HC Deb 17 June 1869 vol 197 c119

said, he wished to ask the Under Secretary of State for Foreign Affairs, What obstacles stand in the way of the establishment of Diplomatic relations between this country and the Republic of Mexico?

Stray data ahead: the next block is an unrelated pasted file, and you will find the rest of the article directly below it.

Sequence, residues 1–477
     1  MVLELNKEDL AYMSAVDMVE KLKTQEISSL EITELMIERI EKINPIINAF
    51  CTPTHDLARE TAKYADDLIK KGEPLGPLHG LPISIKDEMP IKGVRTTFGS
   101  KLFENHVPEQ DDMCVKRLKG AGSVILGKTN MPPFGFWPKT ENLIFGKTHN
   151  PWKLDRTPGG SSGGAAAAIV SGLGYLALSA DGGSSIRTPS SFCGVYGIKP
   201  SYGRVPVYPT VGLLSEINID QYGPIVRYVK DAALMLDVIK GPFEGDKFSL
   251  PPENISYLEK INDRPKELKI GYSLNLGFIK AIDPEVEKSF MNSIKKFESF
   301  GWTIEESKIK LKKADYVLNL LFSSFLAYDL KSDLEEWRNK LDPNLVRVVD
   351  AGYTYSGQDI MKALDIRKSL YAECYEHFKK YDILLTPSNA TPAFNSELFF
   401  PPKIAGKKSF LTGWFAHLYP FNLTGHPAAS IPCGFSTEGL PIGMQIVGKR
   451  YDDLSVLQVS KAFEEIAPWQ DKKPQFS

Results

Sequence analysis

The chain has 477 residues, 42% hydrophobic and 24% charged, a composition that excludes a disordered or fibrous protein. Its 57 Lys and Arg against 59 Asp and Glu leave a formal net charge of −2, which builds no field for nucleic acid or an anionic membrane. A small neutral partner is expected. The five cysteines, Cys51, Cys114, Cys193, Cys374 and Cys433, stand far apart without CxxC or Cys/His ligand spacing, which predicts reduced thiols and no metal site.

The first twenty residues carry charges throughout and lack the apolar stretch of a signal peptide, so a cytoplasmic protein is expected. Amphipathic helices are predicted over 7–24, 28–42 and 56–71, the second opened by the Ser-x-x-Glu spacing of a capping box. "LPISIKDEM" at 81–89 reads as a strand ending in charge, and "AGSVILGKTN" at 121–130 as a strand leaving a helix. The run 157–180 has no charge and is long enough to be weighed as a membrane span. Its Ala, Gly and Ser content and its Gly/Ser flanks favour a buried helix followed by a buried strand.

said, in reply, that the state of the relations between this country and the Republic of Mexico had remained unchanged since a question identical in language with the present had been addressed by Mr. Kinglake to the noble Lord (the Member for Lynn Regis (Lord Stanley). It was very much to be regretted that we had not, from the absence of diplomatic intercourse, any means of aiding British interests in that country, which were great and numerous, but the state of things existing was not one of our seeking. When the Republican Government was established in Mexico, the President notified his intention of not holding official intercourse with those Powers which had recognized the preceding de facto Government of Mexico, and the British Consul in the city of Mexico was denied consular jurisdiction. Under these circumstances the British Legation in Mexico was withdrawn. He had reason to believe that there would be no indisposition on the part of Her Majesty's Government to renew official intercourse with the Republic of Mexico when that Government should notify its desire; but the hon. Member, he trusted, would be of opinion that the first steps in this matter could not, with propriety, come from the Government of this country.